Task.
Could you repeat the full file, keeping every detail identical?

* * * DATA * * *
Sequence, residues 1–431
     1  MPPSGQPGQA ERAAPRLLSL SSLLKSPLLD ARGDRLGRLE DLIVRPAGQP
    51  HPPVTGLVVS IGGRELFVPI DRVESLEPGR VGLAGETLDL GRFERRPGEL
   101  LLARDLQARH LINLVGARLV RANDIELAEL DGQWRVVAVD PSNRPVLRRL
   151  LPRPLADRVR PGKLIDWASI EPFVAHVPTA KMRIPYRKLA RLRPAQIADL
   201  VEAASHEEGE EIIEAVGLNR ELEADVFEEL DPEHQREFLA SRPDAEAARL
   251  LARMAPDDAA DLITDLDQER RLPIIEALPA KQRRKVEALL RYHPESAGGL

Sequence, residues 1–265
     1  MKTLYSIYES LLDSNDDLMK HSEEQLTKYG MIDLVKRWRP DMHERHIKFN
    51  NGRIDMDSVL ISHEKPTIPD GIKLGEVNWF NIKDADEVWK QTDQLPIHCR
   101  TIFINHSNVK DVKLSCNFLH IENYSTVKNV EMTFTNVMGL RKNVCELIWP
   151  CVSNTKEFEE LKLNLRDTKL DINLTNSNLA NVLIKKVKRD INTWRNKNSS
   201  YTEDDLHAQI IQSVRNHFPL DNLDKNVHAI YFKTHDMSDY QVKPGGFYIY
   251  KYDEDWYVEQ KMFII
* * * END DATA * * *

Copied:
Sequence, residues 1–431
     1  MPPSGQPGQA ERAAPRLLSL SSLLKSPLLD ARGDRLGRLE DLIVRPAGQP
    51  HPPVTGLVVS IGGRELFVPI DRVESLEPGR VGLAGETLDL GRFERRPGEL
   101  LLARDLQARH LINLVGARLV RANDIELAEL DGQWRVVAVD PSNRPVLRRL
   151  LPRPLADRVR PGKLIDWASI EPFVAHVPTA KMRIPYRKLA RLRPAQIADL
   201  VEAASHEEGE EIIEAVGLNR ELEADVFEEL DPEHQREFLA SRPDAEAARL
   251  LARMAPDDAA DLITDLDQER RLPIIEALPA KQRRKVEALL RYHPESAGGL

Sequence, residues 1–265
     1  MKTLYSIYES LLDSNDDLMK HSEEQLTKYG MIDLVKRWRP DMHERHIKFN
    51  NGRIDMDSVL ISHEKPTIPD GIKLGEVNWF NIKDADEVWK QTDQLPIHCR
   101  TIFINHSNVK DVKLSCNFLH IENYSTVKNV EMTFTNVMGL RKNVCELIWP
   151  CVSNTKEFEE LKLNLRDTKL DINLTNSNLA NVLIKKVKRD INTWRNKNSS
   201  YTEDDLHAQI IQSVRNHFPL DNLDKNVHAI YFKTHDMSDY QVKPGGFYIY
   251  KYDEDWYVEQ KMFII